In 2014, mobile readiness arrived in full force and is complementary to responsive design (which businesses should be touting anyway). Depending whom you ask, mobile readiness can mean a variety of things. However, it’s widely accepted that it’s a mobile version of a website, an app, or both. It’s complementary, and perhaps a subcategory, of responsive design which means sites are created to respond well no matter which device/platform is used. When it comes to mobile engagement, there are various gadgets and software solutions available, but how do you know where to start?
Begin by assessing whether or not mobile readiness is really for your business and your website. Not all sites/businesses will benefit from a mobile version of a website or an app. However, there are some that really need it, like financial institutions that want to ensure security, user friendliness and access to accounts at all times. However, if your business is providing eyelash extensions to a limited audience, they probably don’t need an app for that.
Here are a few signs you may need to bolster your mobile readiness in 2015 and how to do it. Remember: Jumping on this bandwagon without research (or high need) will just waste time and money:
1. Your site has a lot of content
If you’ve ever visited a site on your smartphone that wasn’t mobile ready, and it was rich with content, you were probably quickly overwhelmed. If it didn’t also feature responsive design, the layout may have also suffered. Content should be condensed and bite-sized anyway, but this is especially crucial with mobile viewing. In fact, according to The New York Times Google researchers have discovered people won’t wait longer than the blink of an eye to get content (and too much can slow sites down).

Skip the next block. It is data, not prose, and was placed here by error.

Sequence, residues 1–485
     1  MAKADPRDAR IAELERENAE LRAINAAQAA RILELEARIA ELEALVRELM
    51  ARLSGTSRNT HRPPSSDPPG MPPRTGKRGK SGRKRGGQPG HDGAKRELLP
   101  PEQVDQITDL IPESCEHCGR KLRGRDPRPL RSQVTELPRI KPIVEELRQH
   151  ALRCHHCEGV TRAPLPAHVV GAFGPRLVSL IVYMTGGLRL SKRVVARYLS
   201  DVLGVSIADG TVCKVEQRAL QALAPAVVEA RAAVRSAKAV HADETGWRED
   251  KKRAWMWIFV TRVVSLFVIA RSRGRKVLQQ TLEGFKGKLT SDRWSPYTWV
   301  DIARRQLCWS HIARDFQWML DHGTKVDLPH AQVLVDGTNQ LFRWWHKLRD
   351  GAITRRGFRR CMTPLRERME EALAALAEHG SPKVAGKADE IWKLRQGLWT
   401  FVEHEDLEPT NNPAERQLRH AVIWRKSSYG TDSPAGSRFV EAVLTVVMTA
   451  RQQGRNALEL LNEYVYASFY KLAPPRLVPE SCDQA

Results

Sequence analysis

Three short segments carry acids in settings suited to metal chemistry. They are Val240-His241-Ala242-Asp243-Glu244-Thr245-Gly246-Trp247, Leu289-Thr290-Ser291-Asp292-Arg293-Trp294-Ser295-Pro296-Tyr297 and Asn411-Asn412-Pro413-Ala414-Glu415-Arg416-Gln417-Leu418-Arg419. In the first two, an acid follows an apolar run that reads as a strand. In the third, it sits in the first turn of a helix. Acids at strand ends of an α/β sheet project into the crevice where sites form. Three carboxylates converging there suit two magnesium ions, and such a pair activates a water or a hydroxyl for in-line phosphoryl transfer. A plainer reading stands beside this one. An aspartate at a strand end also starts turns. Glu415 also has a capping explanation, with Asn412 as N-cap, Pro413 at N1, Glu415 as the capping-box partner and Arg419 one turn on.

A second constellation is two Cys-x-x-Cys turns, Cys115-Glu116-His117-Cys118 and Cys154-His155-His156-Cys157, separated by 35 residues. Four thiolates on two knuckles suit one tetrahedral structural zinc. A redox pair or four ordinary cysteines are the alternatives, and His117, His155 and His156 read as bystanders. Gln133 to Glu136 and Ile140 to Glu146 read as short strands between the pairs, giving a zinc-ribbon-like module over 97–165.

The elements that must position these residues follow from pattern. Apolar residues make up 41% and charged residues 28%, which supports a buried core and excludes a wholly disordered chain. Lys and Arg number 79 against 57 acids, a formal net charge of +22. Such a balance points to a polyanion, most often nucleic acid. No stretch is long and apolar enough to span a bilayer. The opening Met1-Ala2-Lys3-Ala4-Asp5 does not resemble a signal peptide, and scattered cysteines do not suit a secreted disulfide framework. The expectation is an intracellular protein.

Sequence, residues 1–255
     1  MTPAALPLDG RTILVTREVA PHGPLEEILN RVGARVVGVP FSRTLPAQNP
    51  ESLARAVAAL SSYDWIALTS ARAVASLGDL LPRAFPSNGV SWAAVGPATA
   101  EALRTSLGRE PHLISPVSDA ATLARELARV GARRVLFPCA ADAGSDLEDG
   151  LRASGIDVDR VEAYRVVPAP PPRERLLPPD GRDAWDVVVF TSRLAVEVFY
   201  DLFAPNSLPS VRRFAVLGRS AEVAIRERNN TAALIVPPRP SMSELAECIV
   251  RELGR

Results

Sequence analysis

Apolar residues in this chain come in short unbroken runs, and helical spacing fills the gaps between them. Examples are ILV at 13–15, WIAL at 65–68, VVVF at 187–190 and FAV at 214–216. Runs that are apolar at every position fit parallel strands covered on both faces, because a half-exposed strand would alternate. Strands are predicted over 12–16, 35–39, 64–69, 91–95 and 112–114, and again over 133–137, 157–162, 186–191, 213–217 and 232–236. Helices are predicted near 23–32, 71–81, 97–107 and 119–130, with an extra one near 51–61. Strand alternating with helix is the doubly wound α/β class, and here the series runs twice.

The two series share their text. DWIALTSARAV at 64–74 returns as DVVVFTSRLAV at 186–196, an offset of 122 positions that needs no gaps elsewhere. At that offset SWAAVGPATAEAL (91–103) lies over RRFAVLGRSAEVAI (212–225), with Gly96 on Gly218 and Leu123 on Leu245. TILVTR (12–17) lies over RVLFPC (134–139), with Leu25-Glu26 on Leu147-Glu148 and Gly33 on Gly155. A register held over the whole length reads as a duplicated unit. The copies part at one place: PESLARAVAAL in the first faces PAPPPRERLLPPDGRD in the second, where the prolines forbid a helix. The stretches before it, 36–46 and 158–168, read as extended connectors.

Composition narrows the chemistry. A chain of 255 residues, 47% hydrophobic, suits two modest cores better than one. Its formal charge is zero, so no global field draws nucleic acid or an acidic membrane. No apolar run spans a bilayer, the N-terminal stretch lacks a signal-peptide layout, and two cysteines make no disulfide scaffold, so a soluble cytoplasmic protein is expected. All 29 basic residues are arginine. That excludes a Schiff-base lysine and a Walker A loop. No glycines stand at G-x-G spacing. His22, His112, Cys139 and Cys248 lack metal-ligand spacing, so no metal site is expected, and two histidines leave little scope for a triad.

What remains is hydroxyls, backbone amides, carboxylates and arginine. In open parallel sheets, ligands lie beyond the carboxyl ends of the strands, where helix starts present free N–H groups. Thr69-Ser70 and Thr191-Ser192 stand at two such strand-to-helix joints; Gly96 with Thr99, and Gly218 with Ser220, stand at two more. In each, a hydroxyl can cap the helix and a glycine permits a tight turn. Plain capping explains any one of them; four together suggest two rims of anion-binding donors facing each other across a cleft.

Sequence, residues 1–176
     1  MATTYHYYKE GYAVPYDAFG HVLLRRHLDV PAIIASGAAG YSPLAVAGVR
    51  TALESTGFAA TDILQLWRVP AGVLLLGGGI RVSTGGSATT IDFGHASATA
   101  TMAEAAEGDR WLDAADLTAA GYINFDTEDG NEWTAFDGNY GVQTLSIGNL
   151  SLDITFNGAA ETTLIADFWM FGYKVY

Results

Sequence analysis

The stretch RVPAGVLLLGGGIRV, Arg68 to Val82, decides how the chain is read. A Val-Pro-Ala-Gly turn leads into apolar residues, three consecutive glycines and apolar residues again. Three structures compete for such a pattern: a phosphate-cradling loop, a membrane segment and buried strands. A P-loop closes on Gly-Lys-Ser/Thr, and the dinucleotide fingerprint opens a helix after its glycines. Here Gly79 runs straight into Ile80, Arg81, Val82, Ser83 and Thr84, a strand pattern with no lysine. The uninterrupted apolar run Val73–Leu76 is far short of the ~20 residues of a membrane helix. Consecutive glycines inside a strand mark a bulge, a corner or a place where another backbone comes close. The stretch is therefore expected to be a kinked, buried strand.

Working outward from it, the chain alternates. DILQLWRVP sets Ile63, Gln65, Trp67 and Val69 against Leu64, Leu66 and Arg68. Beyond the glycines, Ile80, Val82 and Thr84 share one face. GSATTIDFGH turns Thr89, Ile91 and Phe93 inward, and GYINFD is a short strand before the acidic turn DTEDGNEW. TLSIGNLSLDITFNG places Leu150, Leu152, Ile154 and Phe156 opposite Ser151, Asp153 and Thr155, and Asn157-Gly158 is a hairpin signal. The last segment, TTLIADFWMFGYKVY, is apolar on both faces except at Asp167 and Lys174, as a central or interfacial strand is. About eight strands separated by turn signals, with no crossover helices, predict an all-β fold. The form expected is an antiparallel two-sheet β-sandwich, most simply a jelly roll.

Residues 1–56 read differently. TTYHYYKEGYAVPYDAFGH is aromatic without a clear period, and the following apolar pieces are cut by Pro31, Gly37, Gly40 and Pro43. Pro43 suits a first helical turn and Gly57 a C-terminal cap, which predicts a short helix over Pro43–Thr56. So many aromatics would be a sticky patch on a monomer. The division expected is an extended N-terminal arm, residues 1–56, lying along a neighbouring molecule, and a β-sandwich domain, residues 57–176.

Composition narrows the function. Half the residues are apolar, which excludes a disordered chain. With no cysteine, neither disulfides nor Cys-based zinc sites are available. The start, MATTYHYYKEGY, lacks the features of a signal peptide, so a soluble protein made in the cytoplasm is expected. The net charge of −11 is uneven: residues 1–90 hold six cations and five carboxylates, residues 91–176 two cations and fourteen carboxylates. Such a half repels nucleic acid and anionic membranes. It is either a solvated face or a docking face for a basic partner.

2. Your research shows a need for it
Collect your data before deciding whether or not to embrace mobile readiness. This can be done via curating other research, a focus group, informal social media poll, or any other way you choose. If your customers have queries about an app or related feature, that’s a huge sign that mobile readiness may be for you. Remember that Forbes reports customers can be your best marketers, and informants, so listen up.
3. You see an increase in the bottom line brewing
If you suspect an app that features deals, discounts or loyalty programs can help snag customers for life or increase your bottom line, listen to your instincts. However, developing an app can be expensive (it can also be affordable, so shop around). Before getting an app just because everyone else is doing it, find out if it’s something your customers want. They can even help direct the design and features of the app if you let them.
4. Your analyses show that most of your customers are mobile
This should be a given anyway since the majority of online users are using mobile devices as of 2014. However, if you see a significant percentage of your audience on mobile devices, they might prefer a mobile version of the site. Consider a soft launch, and perhaps offering the mobile version as an option (and not defaulting to it). People simultaneously hate change but want the latest technology, so you need to give them the best of both worlds.
Most importantly, test, test, and then test some more if you embrace the mobile readiness movement. That are constantly new mobile devices coming on the market, updates happening, and the landscape is changing. What good is mobile readiness if it only “works” on part of the mobile audience?